New test assesses effects of polluted soil on human body

Experts from Reading University have developed a new method of testing for pollution in soil that could enable more brownfield land to be used for housing development.

Organic pollutants are widespread in urban soils, originating from activities of the petroleum industry, pesticides, old gasworks and numerous other sources. For that reason, the ingestion of polluted soil by children when playing outdoors is a key consideration for industry when undertaking risk assessments of contaminated land.

A 2010 government consultation estimated that perhaps 20–30 per cent of the removal of pollutants from contaminated land under the current planning system may be ’unnecessary’. Excessive clean-up work could be costing the construction industry an extra £140m–£210m per annum and potentially excluding some sites for redevelopment completely.

One reason for that is that current methods for assessing the risk posed by contaminated land to human health may overestimate the amount of pollutant that can be absorbed by the gut safely. This is because such tests measure the total soil concentration of a pollutant rather than the amount of chemical that is released during digestion.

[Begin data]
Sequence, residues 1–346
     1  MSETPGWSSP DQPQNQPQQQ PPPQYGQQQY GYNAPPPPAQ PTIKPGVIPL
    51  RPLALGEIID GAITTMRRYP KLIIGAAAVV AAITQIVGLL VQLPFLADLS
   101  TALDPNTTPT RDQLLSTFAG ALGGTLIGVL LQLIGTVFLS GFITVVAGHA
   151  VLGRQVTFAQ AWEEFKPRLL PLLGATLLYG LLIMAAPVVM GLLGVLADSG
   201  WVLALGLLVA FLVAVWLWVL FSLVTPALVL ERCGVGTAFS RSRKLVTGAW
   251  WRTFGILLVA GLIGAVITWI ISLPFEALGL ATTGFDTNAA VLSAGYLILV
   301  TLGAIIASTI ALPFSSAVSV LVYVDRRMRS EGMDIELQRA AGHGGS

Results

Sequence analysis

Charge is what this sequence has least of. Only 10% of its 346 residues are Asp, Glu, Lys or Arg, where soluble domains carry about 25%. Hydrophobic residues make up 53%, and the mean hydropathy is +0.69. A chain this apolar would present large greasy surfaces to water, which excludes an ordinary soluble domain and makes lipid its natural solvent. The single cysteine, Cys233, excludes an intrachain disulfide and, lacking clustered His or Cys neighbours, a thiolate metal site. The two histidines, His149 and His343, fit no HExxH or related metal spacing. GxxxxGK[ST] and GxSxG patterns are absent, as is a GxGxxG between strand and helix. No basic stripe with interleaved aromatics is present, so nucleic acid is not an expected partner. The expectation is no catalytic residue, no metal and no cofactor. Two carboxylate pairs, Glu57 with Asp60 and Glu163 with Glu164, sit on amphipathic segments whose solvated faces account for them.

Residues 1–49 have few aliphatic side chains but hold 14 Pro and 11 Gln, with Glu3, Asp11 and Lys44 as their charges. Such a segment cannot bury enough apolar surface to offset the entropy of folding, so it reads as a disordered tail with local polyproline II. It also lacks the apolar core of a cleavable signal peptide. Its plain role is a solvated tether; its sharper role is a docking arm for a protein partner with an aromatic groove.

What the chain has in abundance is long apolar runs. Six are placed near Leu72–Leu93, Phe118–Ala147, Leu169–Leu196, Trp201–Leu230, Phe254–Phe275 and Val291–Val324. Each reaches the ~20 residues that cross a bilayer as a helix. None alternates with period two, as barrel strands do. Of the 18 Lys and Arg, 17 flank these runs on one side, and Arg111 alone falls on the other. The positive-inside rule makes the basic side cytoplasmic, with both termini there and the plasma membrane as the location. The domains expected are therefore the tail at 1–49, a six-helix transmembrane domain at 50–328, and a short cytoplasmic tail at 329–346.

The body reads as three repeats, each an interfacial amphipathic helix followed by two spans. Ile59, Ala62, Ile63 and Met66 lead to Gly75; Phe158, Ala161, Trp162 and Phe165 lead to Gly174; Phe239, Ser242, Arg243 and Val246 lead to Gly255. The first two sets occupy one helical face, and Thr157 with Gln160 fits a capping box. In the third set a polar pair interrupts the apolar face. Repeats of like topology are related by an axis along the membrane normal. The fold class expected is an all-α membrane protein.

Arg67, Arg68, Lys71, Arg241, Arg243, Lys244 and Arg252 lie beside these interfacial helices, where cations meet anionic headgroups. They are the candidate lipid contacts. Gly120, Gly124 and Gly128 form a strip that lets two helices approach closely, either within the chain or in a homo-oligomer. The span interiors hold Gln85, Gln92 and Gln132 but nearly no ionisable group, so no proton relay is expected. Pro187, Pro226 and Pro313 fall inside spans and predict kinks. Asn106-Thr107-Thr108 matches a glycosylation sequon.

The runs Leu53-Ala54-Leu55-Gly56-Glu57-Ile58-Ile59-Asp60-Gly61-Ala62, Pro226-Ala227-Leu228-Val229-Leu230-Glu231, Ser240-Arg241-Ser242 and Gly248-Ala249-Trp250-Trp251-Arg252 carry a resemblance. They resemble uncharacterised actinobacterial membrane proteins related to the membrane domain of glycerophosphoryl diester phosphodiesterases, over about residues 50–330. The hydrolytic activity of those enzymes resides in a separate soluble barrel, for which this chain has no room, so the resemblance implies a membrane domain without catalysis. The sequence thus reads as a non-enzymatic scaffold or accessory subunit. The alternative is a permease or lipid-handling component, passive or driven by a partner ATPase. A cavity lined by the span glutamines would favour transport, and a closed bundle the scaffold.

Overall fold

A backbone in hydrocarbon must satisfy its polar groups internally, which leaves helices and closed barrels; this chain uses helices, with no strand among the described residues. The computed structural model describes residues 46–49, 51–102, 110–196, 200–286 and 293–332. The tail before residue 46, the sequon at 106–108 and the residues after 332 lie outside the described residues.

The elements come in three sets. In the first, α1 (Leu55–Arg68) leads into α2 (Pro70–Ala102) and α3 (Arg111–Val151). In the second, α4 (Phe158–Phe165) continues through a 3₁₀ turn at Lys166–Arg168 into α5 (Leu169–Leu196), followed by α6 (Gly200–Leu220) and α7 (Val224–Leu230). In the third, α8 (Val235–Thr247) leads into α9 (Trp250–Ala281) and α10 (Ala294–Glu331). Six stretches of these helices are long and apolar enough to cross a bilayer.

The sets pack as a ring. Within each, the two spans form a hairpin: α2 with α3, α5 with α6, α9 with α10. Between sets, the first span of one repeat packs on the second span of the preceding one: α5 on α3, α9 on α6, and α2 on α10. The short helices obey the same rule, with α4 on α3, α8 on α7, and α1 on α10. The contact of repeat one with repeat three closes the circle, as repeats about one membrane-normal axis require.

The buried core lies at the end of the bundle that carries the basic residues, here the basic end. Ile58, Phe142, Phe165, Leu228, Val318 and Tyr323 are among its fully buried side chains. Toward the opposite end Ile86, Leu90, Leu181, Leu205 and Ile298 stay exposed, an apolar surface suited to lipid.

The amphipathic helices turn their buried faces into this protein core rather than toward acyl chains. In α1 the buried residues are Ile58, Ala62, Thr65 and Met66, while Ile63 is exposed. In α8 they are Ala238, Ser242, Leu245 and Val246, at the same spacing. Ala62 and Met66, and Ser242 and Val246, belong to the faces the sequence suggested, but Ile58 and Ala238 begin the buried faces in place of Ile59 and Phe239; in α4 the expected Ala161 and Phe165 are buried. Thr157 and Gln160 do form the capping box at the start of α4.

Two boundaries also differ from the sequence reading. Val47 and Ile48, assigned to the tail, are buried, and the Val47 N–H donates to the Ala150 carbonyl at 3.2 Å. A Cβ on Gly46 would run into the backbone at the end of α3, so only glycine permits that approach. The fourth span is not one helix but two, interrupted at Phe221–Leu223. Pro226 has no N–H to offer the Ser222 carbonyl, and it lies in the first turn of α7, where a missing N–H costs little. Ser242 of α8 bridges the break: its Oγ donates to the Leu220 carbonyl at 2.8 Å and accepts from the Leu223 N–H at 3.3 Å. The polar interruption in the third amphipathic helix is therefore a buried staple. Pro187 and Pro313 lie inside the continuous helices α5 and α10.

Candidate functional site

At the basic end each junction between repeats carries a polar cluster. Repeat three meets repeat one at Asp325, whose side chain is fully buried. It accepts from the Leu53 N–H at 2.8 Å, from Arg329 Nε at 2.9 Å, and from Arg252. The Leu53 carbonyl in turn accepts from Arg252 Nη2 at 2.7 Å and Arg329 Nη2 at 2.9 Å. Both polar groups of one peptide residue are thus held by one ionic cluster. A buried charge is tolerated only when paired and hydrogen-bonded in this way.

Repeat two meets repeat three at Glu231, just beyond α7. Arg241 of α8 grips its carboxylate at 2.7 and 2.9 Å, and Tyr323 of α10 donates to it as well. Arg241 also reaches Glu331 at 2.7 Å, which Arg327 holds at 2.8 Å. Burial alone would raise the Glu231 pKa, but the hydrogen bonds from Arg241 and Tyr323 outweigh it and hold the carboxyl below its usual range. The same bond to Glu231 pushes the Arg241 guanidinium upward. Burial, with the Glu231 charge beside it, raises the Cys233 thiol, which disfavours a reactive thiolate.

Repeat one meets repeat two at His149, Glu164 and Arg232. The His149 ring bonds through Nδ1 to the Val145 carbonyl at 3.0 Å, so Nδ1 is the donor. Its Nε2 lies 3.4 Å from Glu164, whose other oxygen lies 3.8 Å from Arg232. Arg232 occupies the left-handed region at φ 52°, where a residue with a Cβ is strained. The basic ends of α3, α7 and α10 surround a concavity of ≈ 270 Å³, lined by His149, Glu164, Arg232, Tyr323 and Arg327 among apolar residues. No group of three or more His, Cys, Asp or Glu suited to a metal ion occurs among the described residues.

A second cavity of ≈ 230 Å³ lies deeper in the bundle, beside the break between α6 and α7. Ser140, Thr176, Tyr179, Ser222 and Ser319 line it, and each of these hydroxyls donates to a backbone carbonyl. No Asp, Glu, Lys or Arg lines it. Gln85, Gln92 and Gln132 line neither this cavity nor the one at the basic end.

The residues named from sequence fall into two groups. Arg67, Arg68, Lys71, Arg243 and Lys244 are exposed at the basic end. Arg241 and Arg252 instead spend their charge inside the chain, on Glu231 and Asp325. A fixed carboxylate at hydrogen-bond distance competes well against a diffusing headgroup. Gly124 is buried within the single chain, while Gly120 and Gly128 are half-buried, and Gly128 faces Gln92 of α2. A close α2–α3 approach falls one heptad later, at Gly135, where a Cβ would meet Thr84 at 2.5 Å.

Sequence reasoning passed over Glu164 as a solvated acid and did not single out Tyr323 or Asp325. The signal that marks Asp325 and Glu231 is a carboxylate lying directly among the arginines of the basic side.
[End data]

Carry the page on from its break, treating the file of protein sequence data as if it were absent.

Chemical tests such as the physiologically based extraction test (PBET), do imitate the conditions of the human gastro-intestinal tract to provide a more accurate indication of how such chemicals might be released into the body. However, even though passage through the colon accounts for approximately 80 per cent of the transit time through the human digestive tract, these PBET tests only chemically model the stomach and small intestine compartments.

Dr Chris Collins from Reading’s Department of Geography and Environmental Science has developed a new test — the colon-extended PBET (CE-PBET) test — that does just that, more accurately replicating the body’s processes when it ingests polluted soil. This, it is claimed, will give companies vastly improved data compared to current models, allowing them to make more informed decisions when remediating sites.

Dr Chris Collins said: ’Our recently developed test allows more representative measurements to be undertaken of the pollutants released during digestion. The test will also help local government determine if there is genuine risk from sites that may have low levels of residual pollution, such as allotments.’

Currently, the new test is being used by three industrial customers and a local council.